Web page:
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Beyond Disease Control: 4 Benefits of Corn Fungicide Applications

April 10, 2021
corn leaf

Fungicides are a central part of many high-performing corn programs, because diseases can take a big chunk out of a grower’s bottom line. But it’s not just disease control that allows fungicides to drive yield potential higher. A well-timed corn fungicide application can pay off big in plant health benefits that last all the way into harvest.

Syngenta agronomy service representative Chad Threewits shares 4 benefits of corn fungicide applications:

  1. Fungicides may help plants thrive in stressful conditions such as drought.

In dry conditions, fields may have low disease pressure, but they may also be experiencing drought stress. Symptoms of drought stress include leaf curling, poorly formed root structures and reduced nutrient availability, all of which can negatively impact yields. In these cases, fungicide applications can help the plant cope by improving water-use efficiency.

  1. Fungicides may help plants stay green, helping to keep the corn plant producing yield longer.

Quality fungicides offer long residual benefits which often show up in the form of improved plant health. According to Threewits, the longer we can keep the plant alive and keep that factory going, the more opportunity we’ll have to protect yield, fill out kernels, improve kernel depth and increase test weight.

  1. Fungicides may improve standability and thus harvestability.

Looking ahead in the season, fungicide applications can improve standability and help prevent stalk lodging. According to Purdue University Extension, lodging can cause annual yield losses from 5-25% and impact grain quality. Additionally, severely lodged corn creates many management concerns such as increased harvest losses, harvest time and drying cost.

  1. Fungicides may reduce ear drop, a leading cause of volunteer corn.

Drought stress, disease and rapid dry down can increase ear and kernel drop. This is because the plant has been weakened by these stressors, and as the ears begin to fill in, the stalk is unable to hold them. These dropped kernels create volunteer corn, which is problematic for a field going back into soybeans the following season. Volunteer corn can have a large impact on future yields and should be proactively managed through herbicide applications, adding another line item onto input costs. If left untreated, university studies show that volunteer corn infestations can reduce soybean yields by as much as 40%.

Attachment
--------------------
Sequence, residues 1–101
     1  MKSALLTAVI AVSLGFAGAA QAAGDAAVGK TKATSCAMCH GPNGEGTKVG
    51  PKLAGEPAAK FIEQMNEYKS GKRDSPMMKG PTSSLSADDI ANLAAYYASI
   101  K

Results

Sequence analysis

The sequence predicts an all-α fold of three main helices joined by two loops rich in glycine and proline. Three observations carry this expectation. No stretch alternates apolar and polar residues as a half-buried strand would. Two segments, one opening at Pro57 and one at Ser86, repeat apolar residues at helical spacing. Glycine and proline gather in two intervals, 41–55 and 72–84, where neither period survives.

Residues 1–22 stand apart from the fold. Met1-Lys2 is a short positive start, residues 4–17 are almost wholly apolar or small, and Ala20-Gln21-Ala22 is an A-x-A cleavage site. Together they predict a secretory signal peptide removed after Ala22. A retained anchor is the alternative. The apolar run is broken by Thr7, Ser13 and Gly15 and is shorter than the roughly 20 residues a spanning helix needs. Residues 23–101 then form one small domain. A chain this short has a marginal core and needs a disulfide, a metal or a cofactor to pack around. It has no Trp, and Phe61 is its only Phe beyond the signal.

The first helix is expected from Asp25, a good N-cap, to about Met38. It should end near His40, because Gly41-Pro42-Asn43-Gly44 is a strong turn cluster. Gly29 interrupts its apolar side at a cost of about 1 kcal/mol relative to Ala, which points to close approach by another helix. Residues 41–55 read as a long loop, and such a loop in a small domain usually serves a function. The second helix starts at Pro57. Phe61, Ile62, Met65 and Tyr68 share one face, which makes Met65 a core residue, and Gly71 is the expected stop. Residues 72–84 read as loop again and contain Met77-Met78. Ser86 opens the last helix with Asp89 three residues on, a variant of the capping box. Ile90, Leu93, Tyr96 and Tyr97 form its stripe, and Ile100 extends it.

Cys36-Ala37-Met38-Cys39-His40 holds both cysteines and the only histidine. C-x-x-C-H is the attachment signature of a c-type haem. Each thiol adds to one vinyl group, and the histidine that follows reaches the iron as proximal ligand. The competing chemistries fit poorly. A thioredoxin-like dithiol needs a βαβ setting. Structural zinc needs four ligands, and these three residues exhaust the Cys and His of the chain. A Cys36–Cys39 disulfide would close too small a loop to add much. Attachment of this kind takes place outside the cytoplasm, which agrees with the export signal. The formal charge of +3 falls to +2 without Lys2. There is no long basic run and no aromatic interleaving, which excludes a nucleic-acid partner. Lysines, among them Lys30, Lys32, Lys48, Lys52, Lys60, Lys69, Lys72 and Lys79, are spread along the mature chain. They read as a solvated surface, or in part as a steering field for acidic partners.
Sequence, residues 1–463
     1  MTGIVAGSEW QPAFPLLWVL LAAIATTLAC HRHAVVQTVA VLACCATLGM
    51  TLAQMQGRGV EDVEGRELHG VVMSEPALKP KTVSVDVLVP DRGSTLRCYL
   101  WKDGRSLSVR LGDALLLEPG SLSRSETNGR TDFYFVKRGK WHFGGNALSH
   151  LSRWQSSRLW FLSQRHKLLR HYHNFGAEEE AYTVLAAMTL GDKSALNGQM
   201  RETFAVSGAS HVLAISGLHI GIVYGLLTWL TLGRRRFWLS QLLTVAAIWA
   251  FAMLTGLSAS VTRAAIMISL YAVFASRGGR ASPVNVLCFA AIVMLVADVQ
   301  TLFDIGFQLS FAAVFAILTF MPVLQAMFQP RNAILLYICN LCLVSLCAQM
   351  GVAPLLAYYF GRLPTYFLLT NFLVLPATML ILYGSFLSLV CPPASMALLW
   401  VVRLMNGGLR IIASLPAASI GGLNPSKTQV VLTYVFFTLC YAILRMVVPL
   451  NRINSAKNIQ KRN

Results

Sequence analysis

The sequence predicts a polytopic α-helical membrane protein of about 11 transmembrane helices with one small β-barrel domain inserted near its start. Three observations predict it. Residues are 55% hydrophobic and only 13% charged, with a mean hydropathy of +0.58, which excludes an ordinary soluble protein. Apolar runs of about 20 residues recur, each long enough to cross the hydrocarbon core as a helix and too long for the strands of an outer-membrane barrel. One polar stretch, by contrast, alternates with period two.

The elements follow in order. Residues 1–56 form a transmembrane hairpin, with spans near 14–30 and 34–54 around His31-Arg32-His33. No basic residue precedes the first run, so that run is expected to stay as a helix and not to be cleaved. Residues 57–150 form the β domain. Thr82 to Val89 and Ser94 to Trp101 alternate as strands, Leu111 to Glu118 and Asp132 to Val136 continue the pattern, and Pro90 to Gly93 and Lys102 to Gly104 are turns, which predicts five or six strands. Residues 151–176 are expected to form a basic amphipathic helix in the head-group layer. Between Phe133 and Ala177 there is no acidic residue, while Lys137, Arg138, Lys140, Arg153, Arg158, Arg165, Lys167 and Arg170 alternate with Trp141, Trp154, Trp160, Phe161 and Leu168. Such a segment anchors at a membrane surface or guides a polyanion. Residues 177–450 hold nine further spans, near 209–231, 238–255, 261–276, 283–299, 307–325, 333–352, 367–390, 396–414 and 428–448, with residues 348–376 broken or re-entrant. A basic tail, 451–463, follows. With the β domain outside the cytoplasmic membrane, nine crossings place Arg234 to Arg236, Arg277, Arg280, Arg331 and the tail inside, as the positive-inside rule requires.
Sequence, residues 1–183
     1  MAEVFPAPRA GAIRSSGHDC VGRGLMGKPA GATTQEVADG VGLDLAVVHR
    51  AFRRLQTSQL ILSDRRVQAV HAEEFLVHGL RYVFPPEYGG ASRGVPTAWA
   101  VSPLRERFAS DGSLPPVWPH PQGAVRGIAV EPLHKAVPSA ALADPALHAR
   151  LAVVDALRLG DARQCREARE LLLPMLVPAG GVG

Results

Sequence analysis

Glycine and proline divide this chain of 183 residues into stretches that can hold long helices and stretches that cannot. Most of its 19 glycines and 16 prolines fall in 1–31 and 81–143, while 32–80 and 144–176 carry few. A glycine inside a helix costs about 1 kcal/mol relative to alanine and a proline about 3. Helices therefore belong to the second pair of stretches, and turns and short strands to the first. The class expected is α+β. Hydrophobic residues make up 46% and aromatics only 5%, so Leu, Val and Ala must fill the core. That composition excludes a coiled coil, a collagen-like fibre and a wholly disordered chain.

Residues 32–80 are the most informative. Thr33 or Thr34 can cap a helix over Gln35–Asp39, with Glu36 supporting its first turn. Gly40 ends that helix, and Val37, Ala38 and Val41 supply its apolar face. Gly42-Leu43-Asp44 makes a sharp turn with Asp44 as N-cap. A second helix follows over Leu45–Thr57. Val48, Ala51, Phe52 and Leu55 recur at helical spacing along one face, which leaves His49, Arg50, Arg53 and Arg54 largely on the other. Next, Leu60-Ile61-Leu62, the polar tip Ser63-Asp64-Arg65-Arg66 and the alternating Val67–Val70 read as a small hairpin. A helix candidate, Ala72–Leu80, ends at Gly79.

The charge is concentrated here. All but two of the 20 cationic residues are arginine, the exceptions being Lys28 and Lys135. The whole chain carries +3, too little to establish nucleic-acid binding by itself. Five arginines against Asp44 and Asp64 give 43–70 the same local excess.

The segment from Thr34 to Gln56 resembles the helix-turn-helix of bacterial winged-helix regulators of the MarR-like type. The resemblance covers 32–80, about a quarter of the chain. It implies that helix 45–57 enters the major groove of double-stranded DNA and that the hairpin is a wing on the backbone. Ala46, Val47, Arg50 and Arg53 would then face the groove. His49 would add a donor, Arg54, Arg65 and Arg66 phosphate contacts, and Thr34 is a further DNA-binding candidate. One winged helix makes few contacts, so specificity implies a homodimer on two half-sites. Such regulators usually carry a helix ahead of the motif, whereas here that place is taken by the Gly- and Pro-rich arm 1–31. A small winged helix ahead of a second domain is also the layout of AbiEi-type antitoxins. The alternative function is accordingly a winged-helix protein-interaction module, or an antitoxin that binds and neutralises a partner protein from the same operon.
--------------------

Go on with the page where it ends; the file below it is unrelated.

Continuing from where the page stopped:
As mentioned in the video, 2 products we recommend for the R1 growth stage are Miravis® Neo and Trivapro® fungicides. Both help crops produce more bushels more often and keep plants healthier longer in a way that is visually distinguishable from other treatments.

  • For the northern regions, Miravis Neo sets the standard in its class for broad-spectrum disease control of diseases like gray leaf spot, Northern corn leaf blight and tar spot.
  • For the southern regions, Trivapro is a hard-working, long-lasting fungicide with preventive and curative control of rusts, leaf spots and blights.

With a planned fungicide application, growers can rest assured that their corn crop is safer from diseases and set up to achieve its maximum yield potential.

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Syngenta hereby disclaims any liability for third-party websites referenced herein.

Product performance assumes disease presence. Performance assessments are based upon results or analysis of public information, field observations and/or Syngenta evaluations.

The trademarks or service marks displayed or otherwise used herein are the property of a Syngenta Group Company. All other trademarks are the property of their respective owners.

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